We owe a debt to Laurence Fishburne and playwright George Stevens Jr. for bringing a great man to life in "Thurgood," and putting him vividly, if too exhaustively, on the stage of the Booth Theatre.
History is really little more than a series of biographies, carefully selected and woven together - but a lot of the details get swept under history's rug.
I thought I knew quite a bit about Justice Thurgood Marshall, the first black judge to be appointed to the Supreme Court. I was wrong.
In fact, President Johnson's epoch-making appointment in June of 1967, plus a few misty details, was actually all I did know about a man whose life story helped change history.
Now, through Stevens' one-man play and Fishburne's carefully layered, wholly convincing performance, I discovered a great deal more about that solitary, benignly wise figure who featured at the time in dozens of photographs of the nation's Supreme Court.
When Johnson, a tireless campaigner for civil rights, appointed Marshall to the nation's highest court, he declared it "the right thing to do, the right time to do it, the right man and the right place." Marshall was the 96th appointee, and the first black, since the court's creation in 1789.
The play is set toward the end of Marshall's life, when he delivers a speech at his alma mater, Howard University, something like a commencement address, but less overtly inspirational and a good deal more friendly.
As written by Stevens and played with a twinkling, self-deprecating good nature by Fishburne, Marshall - with his armory of jokes and anecdotes - must have been one helluva good after-dinner speaker.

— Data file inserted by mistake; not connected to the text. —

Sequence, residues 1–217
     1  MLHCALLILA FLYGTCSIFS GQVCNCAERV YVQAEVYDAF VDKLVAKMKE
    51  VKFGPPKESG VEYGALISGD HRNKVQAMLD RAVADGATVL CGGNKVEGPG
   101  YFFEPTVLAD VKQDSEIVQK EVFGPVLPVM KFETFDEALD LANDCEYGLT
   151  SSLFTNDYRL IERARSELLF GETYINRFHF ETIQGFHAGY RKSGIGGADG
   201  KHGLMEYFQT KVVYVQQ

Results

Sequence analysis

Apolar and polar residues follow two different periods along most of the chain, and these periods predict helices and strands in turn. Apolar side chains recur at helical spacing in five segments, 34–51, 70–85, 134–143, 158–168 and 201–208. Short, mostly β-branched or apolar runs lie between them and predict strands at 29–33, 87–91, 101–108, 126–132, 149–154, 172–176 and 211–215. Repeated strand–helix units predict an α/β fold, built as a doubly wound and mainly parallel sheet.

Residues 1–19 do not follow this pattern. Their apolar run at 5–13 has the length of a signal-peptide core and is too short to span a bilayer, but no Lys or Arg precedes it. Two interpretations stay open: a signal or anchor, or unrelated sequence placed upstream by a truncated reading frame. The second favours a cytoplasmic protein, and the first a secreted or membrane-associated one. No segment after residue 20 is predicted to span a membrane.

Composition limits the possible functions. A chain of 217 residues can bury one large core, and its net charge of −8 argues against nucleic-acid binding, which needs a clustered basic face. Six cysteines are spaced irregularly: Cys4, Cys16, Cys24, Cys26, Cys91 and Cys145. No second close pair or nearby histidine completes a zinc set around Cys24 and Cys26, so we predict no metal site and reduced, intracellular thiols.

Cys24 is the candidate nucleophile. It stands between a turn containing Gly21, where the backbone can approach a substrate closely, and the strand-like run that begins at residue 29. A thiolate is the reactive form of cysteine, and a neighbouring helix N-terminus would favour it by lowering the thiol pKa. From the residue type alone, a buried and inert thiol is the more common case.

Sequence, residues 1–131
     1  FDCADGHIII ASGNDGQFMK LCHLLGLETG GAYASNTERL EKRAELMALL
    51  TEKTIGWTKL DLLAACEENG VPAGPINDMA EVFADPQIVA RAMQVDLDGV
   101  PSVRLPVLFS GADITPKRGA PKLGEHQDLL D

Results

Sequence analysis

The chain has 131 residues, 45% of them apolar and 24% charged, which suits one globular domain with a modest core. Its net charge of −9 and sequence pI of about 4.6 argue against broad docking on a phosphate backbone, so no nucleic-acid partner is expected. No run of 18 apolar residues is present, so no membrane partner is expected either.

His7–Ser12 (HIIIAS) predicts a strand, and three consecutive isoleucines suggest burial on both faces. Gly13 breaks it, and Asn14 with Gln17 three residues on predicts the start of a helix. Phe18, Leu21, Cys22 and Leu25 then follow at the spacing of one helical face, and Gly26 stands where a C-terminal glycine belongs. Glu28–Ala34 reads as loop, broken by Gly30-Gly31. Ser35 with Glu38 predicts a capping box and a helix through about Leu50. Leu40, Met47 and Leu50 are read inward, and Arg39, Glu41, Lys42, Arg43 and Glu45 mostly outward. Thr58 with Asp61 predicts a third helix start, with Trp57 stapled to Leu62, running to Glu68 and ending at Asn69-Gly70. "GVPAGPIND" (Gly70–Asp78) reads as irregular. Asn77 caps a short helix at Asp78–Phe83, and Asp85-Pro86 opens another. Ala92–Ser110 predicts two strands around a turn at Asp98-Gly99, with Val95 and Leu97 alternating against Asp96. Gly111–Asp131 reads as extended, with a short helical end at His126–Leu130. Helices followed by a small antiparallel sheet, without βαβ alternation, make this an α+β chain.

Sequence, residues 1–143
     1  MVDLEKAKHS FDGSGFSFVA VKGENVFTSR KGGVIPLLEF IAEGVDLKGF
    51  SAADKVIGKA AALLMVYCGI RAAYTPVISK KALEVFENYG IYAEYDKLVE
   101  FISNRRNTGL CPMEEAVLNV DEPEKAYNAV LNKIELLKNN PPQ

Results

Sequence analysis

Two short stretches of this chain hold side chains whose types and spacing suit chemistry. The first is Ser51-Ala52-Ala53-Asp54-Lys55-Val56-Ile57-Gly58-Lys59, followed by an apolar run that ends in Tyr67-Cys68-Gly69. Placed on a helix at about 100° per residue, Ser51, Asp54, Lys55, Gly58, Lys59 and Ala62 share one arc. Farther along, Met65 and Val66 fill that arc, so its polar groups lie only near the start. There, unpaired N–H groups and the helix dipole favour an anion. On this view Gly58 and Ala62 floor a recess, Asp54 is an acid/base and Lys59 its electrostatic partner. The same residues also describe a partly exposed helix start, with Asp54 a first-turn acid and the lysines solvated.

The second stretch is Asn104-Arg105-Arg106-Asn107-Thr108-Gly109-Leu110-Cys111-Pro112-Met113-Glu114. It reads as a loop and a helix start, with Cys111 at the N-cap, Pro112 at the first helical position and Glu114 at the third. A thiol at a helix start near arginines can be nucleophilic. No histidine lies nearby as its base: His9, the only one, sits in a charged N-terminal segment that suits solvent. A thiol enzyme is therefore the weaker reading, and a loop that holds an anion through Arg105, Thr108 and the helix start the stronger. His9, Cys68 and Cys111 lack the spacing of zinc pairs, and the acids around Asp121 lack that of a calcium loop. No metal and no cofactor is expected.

Most of what he has to tell is admirable yet predictable - a hardscrabble childhood, parental sacrifice, a fierce unyielding ambition, a splendid intellect and a natural legal mind, all of it essential for the journey from the back streets of Baltimore to Washington's corridors of power.
The problem of the evening - an intermissionless 100 minutes - is that, while it's undoubtedly a triumph for Fishburne, there is only one character, one tone, and neither tension nor climax. Stevens comes from the world of movies, but he doesn't seem to know much about editing.
Quite simply, a little less might have meant a lot more.
It’s a safe bet that “Thurgood” is the only play on Broadway at which the announcement of a famous legal verdict is greeted by a burst of heartfelt applause.
Does that make it sound less than thrilling? Well, yes, this solo show starring Laurence Fishburne as the venerated Thurgood Marshall is a no-frills documentary in the first person, essentially an opportunity to watch a movie star deliver a history lecture. But since Mr. Fishburne is an effortlessly compelling actor, and the history in question is charged with a moral urgency that still resonates today, “Thurgood,” which opened Wednesday night at the Booth Theater, is surprisingly absorbing, at times even stirring.
For audiences nostalgic for the progressive era in American history in which Marshall played a crucial role, the show may actually feel like a sweet escape to happier times, every bit as cheering (and a whole lot more edifying) than the giddiest of Broadway musicals. At the end of the play Marshall recites from a Langston Hughes poem opening with the following line: “Oh, let America be America again.” If those words elicit either a sorrowful sigh or a stirring of fierce hope in your heart, you may find this superficially dry evening of theater as restorative as a long soak in a bubble bath.
That brief contribution from Hughes is about the extent of the play’s lyricism. Written by George Stevens Jr., a writer, producer and director of television and film making his debut as a playwright, “Thurgood” is not distinguished by psychological depth or dramatic intensity, although it has been given a tasteful production by the director, Leonard Foglia. (The stucco-colored flag sculpture that doubles as a video screen is a nifty touch from the set designer Allen Moyer, presumably inspired by Jasper Johns.)
Mr. Stevens, who wrote and directed the mini-series “Separate but Equal,” about the landmark Brown v. Board of Education case, has studied his subject thoroughly and with passionate interest. He may cling doggedly to linear chronology, textbook style, but he does have the smarts to use verbatim quotations from Marshall as often as he can, seasoning the trek through autobiography and legal procedure with anecdotes that reveal Marshall’s playful sense of humor.